America lost something significant in that short period of time. In addition to the terrible number of dead and injured, the country lost its sense of security. Sure, there were scuffles on the streets in cities all across America since it was founded – but not like this. Nobody felt safe anymore.
But then something beautiful happened. People rose up. Neighbors and communities came together. Flags were flown in stark defiance of submission, fear, and the worst of humanity. In that period of darkness, the very best and bravest shone. Everybody gave something, some gave everything.
Let that be the defining and lasting memory of the 9/11 terrorist attacks: Community, humanity, love of country, and love of each other.
Why was the US Military Unable to React?
Back in 2001, military systems in place for spotting, tracking, and intercepting air threats were focused towards military targets coming from outside the US. There wasn’t much when it came to dealing with incidents within the US. The US military and FAA (the agency that controls US airspace) did not share radar data at the time. This meant that the military was blind to civilian traffic in many locations without the information being specifically shared. That process was time consuming and not fast enough to prevent the events of 9/11.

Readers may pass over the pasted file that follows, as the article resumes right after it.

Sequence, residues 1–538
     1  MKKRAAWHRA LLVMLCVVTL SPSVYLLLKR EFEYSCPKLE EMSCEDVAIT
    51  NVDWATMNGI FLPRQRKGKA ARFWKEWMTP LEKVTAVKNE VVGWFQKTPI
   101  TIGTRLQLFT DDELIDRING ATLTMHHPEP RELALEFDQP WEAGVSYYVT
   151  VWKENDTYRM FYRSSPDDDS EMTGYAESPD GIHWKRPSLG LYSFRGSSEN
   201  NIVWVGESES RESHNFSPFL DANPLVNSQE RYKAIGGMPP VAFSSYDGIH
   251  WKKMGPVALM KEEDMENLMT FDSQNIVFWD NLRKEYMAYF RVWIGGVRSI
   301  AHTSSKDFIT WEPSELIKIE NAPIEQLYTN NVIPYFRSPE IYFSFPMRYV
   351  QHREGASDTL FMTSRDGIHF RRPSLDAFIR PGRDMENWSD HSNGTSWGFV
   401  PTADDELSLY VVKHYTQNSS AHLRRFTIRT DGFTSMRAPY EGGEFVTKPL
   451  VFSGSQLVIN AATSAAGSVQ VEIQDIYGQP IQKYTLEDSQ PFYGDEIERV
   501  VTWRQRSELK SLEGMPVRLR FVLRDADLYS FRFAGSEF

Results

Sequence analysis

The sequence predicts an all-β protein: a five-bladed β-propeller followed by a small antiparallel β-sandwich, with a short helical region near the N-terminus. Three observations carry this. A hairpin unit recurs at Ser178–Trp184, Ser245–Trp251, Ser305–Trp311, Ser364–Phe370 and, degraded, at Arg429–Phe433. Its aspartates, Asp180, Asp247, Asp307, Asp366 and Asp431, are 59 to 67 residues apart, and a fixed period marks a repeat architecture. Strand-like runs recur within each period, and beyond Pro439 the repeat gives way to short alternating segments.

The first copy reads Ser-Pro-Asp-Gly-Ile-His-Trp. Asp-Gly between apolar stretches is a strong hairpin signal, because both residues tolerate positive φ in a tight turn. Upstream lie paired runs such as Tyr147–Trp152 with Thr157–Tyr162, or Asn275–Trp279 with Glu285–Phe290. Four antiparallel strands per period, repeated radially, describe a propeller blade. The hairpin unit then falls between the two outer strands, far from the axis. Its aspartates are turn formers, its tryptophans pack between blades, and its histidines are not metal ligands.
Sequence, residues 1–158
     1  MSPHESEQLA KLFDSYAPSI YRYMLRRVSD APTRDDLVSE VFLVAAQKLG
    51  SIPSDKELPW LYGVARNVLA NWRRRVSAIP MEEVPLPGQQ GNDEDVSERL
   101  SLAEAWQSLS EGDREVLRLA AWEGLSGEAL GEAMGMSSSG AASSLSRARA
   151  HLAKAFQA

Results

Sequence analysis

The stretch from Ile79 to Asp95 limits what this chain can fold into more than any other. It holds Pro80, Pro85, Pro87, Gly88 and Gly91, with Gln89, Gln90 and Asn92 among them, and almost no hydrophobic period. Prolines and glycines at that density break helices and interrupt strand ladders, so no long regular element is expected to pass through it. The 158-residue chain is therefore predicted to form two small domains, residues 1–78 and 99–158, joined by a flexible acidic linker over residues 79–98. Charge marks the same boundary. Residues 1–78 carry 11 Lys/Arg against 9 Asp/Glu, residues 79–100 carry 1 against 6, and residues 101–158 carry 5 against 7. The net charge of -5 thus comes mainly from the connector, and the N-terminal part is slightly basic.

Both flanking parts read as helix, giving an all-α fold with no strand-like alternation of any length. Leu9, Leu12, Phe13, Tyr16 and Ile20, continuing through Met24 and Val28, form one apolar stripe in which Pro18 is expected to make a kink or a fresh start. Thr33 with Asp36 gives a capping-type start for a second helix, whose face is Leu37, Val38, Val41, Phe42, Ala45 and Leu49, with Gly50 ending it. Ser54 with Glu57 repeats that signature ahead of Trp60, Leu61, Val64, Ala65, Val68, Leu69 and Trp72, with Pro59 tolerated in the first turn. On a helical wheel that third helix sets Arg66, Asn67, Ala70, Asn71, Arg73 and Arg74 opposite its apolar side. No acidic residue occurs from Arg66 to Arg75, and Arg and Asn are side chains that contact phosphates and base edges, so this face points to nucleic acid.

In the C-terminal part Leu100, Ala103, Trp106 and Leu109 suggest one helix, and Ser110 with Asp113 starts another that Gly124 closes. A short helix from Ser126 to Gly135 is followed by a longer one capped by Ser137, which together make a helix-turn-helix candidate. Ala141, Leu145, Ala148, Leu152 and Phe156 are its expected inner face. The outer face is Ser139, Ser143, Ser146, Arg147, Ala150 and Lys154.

By the time any US fighter jets were in the sky, it was already too late to protect the twin towers. Additionally, US airspace was in a frantic state of panic. Nobody knew who was who. Reports of (believed) hijackings were coming in from across the country. The US military was not prepared to isolate and control the threats being reported.
“Is this real world or exercise?” – US Air force sgt powell
Another factor adding to the whirlpool of confusion was the fact that there was a major military exercise happening on September 11th, 2001. The various officials responsible for activating the wide array of military components involved in dispatching fighter planes and intercepting air threats were expecting a large scale exercise. They were caught off guard.
The rules of engagement were not clear for fighter pilots in the air. The military has strict rules for shooting down civilian aircraft, and the orders to do so must come from a person high on the chain of command. Although the orders were eventually given (by Vice President Dick Cheney), US Air Force specialists and commanders delivering them to the various command centers involved in protecting US airspace were slow and unclear. Unfortunately, because scrambling the fighters took so long, even if the rules of engagement were clearly defined, the situation would not have been different.
A twist of irony further highlights the lack of communication in the US government at the time. The CIA warned President Bush at least a month before 9/11 that Bin Laden was determined to attack the US.
What Motivated 9/11?
Osama bin Laden led the terrorist group al-Qaeda until his death in 2011. 9/11 wasn’t the first time al-Qaeda attacked the World Trade Center. On February 26, 1993, al-Qaeda detonated a car bomb in a parking garage under the North tower. 6 people died and more than a thousand were injured.